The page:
Samples from patients 2 through 5, 10, 11, and 14 were obtained from the Department of Clinical Pathology, Columbia University Medical Center, and the remaining samples were from the Newcastle Brain Tissue Resource. All cases of mitochondrial disease were diagnosed before death, and these patients underwent standard diagnostic tests, including a muscle biopsy. Patient 1 with KSS developed a left-sided, divergent strabismus at the age of 3 years. She developed bilateral ptosis and progressive external ophthalmoplegia at 15 years of age and impaired vision and trifascicular block at 27 years of age. In addition, neurologic examination revealed impaired cognition and hearing, retinal pigmentation, proximal myopathy, and marked cerebellar ataxia. Magnetic resonance imaging of the brain revealed white matter hyperintensities and cerebellar atrophy. A muscle biopsy revealed COX-deficient, ragged red fibers (5%), and a single, large-scale mtDNA deletion was detected in routine diagnostic testing. She died at 40 years of age after a respiratory infection. Details of patients 2 and 3, who had KSS due to 12.2- and 10.3-kb mtDNA deletions, respectively, were previously reported in a study of respiratory chain subunit expression.14 A number of additional patients with mitochondrial disease due to mtDNA or nuclear DNA mutations and age-matched controls without neurologic disease were evaluated (Table). The diseases included Leber hereditary optic neuropathy, mitochondrial encephalopathy lactic acidosis and strokelike episodes, myoclonic epilepsy with ragged red fibers, mitochondrial neurogastrointestinal encephalomyopathy, and POLG mutations. All cases received a molecular diagnosis after death.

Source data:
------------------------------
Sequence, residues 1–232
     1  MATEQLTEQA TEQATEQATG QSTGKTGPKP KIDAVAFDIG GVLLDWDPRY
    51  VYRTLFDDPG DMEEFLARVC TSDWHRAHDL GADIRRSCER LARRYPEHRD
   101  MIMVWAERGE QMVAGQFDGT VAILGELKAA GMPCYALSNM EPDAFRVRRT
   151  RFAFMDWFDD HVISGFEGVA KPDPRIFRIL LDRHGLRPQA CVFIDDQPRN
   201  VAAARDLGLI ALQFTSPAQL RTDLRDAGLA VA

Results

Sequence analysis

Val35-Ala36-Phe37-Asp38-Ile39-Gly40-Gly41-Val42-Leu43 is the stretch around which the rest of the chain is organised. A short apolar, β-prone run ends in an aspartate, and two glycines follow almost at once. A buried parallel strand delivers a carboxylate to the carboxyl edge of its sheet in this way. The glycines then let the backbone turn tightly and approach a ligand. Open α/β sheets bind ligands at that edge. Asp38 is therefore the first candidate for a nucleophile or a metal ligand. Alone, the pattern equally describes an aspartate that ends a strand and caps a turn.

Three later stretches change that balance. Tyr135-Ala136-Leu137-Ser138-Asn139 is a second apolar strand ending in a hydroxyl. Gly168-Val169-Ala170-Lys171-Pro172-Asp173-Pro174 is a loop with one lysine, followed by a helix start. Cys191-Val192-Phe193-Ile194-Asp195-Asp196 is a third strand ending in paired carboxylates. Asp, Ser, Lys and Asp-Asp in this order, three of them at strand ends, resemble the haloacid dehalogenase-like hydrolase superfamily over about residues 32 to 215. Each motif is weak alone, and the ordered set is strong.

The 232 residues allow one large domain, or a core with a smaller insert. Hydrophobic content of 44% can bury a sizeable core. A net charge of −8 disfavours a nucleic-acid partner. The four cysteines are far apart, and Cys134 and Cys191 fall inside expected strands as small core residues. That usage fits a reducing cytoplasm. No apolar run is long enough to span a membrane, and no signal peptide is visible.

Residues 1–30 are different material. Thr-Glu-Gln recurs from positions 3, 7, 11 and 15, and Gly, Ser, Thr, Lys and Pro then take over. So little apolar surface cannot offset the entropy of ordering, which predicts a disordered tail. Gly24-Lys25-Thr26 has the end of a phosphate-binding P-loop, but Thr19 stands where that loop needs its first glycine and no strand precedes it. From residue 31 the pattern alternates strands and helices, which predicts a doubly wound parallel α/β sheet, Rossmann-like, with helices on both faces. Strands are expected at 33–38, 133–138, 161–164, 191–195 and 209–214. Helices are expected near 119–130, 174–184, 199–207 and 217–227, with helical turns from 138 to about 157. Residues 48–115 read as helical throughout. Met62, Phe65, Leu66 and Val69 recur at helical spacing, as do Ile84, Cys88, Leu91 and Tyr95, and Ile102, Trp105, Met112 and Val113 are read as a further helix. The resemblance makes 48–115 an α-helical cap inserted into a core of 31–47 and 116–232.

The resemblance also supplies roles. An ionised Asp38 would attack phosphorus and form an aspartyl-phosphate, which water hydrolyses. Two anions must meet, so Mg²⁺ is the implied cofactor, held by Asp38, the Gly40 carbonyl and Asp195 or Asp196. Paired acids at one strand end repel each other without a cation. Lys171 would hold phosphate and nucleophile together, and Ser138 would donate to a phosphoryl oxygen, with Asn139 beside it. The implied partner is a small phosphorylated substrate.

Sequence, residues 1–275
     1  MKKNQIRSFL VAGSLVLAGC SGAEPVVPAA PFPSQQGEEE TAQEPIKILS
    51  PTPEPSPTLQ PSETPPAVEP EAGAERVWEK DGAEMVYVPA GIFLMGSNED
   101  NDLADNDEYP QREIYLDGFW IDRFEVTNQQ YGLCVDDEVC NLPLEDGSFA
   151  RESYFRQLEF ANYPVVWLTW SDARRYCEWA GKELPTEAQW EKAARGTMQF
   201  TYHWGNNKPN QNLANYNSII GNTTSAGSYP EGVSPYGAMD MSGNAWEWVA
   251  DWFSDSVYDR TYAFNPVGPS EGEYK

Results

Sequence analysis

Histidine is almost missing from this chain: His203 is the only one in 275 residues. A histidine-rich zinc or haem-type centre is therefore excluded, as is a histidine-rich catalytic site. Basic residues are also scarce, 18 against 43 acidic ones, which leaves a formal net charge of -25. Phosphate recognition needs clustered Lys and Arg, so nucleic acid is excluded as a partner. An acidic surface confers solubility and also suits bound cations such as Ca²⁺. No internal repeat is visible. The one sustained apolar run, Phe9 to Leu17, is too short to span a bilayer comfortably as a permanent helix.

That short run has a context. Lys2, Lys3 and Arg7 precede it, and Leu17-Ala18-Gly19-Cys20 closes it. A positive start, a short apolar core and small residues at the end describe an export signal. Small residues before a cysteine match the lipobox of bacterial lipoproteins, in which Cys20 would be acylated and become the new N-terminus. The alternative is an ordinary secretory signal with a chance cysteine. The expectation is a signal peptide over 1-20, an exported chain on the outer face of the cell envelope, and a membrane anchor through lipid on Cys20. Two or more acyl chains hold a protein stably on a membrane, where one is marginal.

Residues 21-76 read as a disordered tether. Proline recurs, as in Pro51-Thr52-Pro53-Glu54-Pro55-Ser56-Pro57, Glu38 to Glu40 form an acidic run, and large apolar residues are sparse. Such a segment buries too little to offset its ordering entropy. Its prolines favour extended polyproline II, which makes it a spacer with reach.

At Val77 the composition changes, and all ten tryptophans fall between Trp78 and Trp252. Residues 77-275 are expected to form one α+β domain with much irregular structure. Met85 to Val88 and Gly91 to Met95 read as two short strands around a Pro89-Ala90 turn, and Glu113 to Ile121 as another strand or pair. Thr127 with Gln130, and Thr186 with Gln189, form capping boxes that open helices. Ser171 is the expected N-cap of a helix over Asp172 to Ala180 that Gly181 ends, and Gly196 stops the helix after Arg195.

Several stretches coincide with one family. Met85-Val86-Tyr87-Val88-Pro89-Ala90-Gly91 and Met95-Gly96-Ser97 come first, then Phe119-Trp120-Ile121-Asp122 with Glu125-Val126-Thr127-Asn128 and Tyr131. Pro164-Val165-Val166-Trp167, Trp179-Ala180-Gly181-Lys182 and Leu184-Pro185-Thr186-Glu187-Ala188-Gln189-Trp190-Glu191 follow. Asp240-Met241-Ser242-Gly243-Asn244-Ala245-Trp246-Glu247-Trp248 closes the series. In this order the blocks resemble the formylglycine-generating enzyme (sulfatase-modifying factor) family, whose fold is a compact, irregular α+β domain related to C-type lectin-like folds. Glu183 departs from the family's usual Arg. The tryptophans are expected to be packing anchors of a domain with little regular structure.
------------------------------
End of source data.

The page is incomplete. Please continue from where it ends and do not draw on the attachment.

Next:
In total, 54 fixed tissue blocks from patients with primary mitochondrial disorders were studied. Inflammatory components were compared with cases (eTable 1) in which MAG loss has already been reported (pattern III MS,9 WMS,1 and PML8).
Tissue preparation and immunohistochemical analysis